President Hassan Rouhani of Iran has warned against holding elections as a “formality” and favoring one faction at the expense of others, less than four weeks before the parliamentary vote in February.
According to Islamic Republic’s constitution, the Guardian Council, an election watchdog, must give its seal of approval for every candidate registering to run in parliamentary and presidential elections. The Council was established to keep those not loyal to the system out of power.
However, the watchdog is guided by the Islamic Republic’s ideology and follows the wishes of the Supreme Leader and his allies. In this year’s elections, it has disqualified an extraordinary number of candidates, most from the so-called “reformist” camp loyal to the Islamic Republic. Close to 90 current members of parliament have been barred by the Interior Ministry and the Guardian Council to run in February’s elections.
Speaking to a gathering of provincial governors, Rouhani stressed the importance of people’s voice and participation and warned that the biggest danger to democracy is formal elections. However, despite a semblance of elections, the Islamic Republic is not considered a democracy, with its violations of human rights, non-competitive elections and systematic clampdown on freedom of speech.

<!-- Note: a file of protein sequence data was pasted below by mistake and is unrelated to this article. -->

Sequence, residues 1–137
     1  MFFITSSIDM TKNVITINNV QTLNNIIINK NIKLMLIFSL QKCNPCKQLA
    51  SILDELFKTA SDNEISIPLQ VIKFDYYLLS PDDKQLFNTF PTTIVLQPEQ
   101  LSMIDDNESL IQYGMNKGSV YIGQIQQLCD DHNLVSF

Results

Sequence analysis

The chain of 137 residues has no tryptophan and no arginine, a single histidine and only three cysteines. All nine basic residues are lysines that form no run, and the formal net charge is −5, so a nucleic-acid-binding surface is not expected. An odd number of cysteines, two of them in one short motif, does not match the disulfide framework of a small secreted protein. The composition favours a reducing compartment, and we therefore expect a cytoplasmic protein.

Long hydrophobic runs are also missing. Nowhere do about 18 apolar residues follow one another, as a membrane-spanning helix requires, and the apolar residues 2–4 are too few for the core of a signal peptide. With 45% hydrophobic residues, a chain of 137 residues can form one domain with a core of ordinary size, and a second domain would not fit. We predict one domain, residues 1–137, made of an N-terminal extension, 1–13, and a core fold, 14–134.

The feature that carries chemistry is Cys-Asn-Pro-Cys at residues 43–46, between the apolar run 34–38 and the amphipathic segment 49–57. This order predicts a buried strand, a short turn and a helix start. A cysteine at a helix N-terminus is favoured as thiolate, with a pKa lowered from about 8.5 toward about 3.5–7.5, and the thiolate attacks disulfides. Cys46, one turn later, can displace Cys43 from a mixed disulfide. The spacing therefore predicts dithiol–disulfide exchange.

Rouhani also stressed the rule of law for sustaining what he said is the “legitimacy” of the current ruling system. He added, “It is very important for people to feel that they can choose one among several options”.
Rouhani, who has been under relentless pressure by hardliners, complained that the election watchdog has turned into an executive power and his government, which is consitutionally tasked to run the elections has turned into a simple operational entity.